Right now I am focusing completely on ‘La Grande Bretêche’. One day 3 1/2 years ago I picked up a book of short horror and suspense stories, and there was one by Honore de Balzac in there called ‘La Grande Bretêche’. I was blown away. I wasn’t even particularly interested in illustration at the time, but I instantly thought “I want to make a comic out of this”. Right now it’s only in webcomic form, and I update it Wednesday and Sunday. There’s still a lot of work to do on it, I’m only a little over halfway through. But it’s wonderful, I’m loving every second of its creation. It’s a real labour of love, something I’ve been slowly working on for a long time.
What do you have out now or coming out next?
Ideally, I’d like to get a print version of ‘La Grande Bretêche’ out there, by self-publishing or trying to find a publisher who’d take it. Other than that, in January I’m printing a fun little illustrated zine about my favorite American con man. It’s called ‘The Notorious Joseph Weil’ and it’s just me fangirling about this fabulous trickster (who really needs to have a full book illustrated about him and all his hilarious stunts. One day, when I have time…). He’s a hilarious person, and I’ve created a lot of fun illustrations about him, so I thought it’d be nice to make a zine about him.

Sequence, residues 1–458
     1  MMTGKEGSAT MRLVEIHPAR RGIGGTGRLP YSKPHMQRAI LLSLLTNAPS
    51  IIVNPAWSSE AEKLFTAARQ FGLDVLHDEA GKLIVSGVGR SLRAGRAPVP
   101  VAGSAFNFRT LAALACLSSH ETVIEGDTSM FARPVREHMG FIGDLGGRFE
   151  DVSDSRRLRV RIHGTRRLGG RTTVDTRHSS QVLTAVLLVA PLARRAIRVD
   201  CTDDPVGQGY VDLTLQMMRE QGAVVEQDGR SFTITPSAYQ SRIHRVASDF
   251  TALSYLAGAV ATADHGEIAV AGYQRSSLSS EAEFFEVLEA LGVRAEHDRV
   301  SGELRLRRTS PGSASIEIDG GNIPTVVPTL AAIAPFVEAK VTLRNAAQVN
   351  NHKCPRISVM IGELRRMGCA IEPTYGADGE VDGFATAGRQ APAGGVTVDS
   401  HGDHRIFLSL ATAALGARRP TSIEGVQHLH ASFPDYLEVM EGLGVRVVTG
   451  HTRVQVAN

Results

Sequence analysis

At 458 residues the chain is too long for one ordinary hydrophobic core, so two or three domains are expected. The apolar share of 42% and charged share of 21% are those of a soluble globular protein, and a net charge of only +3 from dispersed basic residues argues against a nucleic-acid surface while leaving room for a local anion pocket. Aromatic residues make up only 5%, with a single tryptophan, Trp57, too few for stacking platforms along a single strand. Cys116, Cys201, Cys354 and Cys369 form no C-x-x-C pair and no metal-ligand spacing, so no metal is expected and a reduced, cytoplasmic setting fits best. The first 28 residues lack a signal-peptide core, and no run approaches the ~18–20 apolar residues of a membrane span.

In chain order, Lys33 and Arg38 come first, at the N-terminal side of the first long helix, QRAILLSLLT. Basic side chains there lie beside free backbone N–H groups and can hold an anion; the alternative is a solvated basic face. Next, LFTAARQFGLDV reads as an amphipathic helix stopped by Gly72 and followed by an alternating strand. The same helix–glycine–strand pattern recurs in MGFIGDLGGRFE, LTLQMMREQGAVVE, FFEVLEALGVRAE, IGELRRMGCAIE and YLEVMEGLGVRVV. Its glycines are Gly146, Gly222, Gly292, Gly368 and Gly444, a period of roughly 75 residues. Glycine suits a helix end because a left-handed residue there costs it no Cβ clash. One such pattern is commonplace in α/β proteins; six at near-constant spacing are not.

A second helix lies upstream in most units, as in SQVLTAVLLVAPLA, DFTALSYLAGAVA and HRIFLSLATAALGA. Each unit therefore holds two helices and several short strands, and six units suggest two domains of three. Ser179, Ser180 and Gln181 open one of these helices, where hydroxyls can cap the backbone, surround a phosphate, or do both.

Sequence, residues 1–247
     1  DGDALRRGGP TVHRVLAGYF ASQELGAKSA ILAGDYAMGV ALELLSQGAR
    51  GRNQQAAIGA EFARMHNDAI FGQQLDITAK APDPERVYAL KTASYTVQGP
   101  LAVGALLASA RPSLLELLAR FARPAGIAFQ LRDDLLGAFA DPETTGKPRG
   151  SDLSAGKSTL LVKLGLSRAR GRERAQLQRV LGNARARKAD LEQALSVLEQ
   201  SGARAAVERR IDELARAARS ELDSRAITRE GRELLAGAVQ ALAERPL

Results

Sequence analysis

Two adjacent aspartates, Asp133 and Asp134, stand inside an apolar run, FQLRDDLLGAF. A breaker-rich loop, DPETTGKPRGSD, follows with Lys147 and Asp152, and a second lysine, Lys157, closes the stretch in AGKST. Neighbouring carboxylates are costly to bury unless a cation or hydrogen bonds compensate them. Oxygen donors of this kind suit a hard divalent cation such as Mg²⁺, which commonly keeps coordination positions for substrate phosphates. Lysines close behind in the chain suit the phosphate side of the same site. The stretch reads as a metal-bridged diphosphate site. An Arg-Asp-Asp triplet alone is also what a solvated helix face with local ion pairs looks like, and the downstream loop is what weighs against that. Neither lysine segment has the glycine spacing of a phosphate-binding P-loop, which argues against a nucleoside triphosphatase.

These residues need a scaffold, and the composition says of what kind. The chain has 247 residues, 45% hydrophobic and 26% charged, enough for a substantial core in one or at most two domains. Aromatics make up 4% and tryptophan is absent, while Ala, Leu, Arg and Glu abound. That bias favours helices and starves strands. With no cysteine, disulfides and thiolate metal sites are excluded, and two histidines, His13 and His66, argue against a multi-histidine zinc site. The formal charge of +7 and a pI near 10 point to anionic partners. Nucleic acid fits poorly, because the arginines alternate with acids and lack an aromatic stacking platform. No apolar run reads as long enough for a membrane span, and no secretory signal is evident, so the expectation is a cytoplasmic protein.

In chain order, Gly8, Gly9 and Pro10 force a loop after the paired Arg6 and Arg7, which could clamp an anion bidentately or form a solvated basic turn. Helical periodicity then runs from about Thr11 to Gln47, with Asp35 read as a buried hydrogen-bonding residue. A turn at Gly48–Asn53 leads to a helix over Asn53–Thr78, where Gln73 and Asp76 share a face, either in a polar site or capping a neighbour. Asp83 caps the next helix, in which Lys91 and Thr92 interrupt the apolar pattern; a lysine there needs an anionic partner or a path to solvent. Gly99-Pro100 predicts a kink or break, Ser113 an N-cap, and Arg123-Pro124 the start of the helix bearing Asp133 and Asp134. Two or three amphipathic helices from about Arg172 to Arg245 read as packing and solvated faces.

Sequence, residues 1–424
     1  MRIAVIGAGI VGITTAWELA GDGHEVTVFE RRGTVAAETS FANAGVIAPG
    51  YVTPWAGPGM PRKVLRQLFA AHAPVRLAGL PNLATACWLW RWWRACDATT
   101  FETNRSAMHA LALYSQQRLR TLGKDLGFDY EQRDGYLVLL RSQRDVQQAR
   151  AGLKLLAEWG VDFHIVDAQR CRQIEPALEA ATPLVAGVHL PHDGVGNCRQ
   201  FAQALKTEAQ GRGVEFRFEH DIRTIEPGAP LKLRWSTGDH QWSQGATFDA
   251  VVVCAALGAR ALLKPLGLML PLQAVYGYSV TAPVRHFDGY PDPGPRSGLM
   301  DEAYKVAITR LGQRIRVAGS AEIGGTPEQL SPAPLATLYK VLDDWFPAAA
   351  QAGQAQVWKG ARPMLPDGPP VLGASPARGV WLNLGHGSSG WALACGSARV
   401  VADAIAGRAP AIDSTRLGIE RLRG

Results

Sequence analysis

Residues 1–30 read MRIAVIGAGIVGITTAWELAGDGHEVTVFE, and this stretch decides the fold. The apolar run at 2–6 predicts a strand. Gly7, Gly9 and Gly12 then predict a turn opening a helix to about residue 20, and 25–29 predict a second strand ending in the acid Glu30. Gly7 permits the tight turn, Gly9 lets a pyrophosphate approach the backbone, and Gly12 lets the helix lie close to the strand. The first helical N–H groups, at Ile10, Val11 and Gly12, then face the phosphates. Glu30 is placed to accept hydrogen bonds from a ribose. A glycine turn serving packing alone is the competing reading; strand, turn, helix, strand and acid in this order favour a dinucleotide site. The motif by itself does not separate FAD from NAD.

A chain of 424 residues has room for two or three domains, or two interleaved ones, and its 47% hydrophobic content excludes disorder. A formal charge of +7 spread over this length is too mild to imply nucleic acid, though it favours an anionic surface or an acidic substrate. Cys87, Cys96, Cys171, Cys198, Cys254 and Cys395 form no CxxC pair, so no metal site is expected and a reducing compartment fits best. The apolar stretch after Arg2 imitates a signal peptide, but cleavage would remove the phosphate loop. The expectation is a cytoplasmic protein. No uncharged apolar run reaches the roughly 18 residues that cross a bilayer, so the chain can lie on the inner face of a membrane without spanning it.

What is your favourite Irish comic?
Oh, there is so much interesting stuff going on right now… Because I’m making one myself, I’ve been seeking out some interesting webcomics by Irish creators. Brian Coldrick has one of my absolute favorites on Tumblr, called ‘Behind You’, which is absolutely stunning! It really blew me away. Amanda Spitzner’s wonderfully funny “Exploding Comics” is an absolute must! Not born here, but Irish in spirit. ‘Splitting Borders’ by Gareth Gorwan and Sadhbh Lawlor is really lovely, experimental and throught provoking. I found these two at Indiependents Day. ‘Azure Capricorn’ by Triona Farrell is a new find for me, a wonderfully exotic, imaginative comic.
Of course I love seeing people working traditionally too. Some wonderful finds at the zine fair: Sarah Bowie’s wonderfully full pencil illustrations for ‘Mall Life’, Paddy Lynch’s ‘Last Bus’, Philip Barrett’s ‘In Bits’ collection…
And of course all the very very cool stuff that’s going on in The Comics Lab! This monthly meetup really is so worthwhile, GO ALONG AND SEE IT. A really huge thank you goes out to all the folks there, Especially Sarah Bowie and Debbie Jenkinson (incidentally, can’t wait to secure a copy of ‘Remorse’, which looks incredible), who have been so encouraging and supportive of so many, including myself.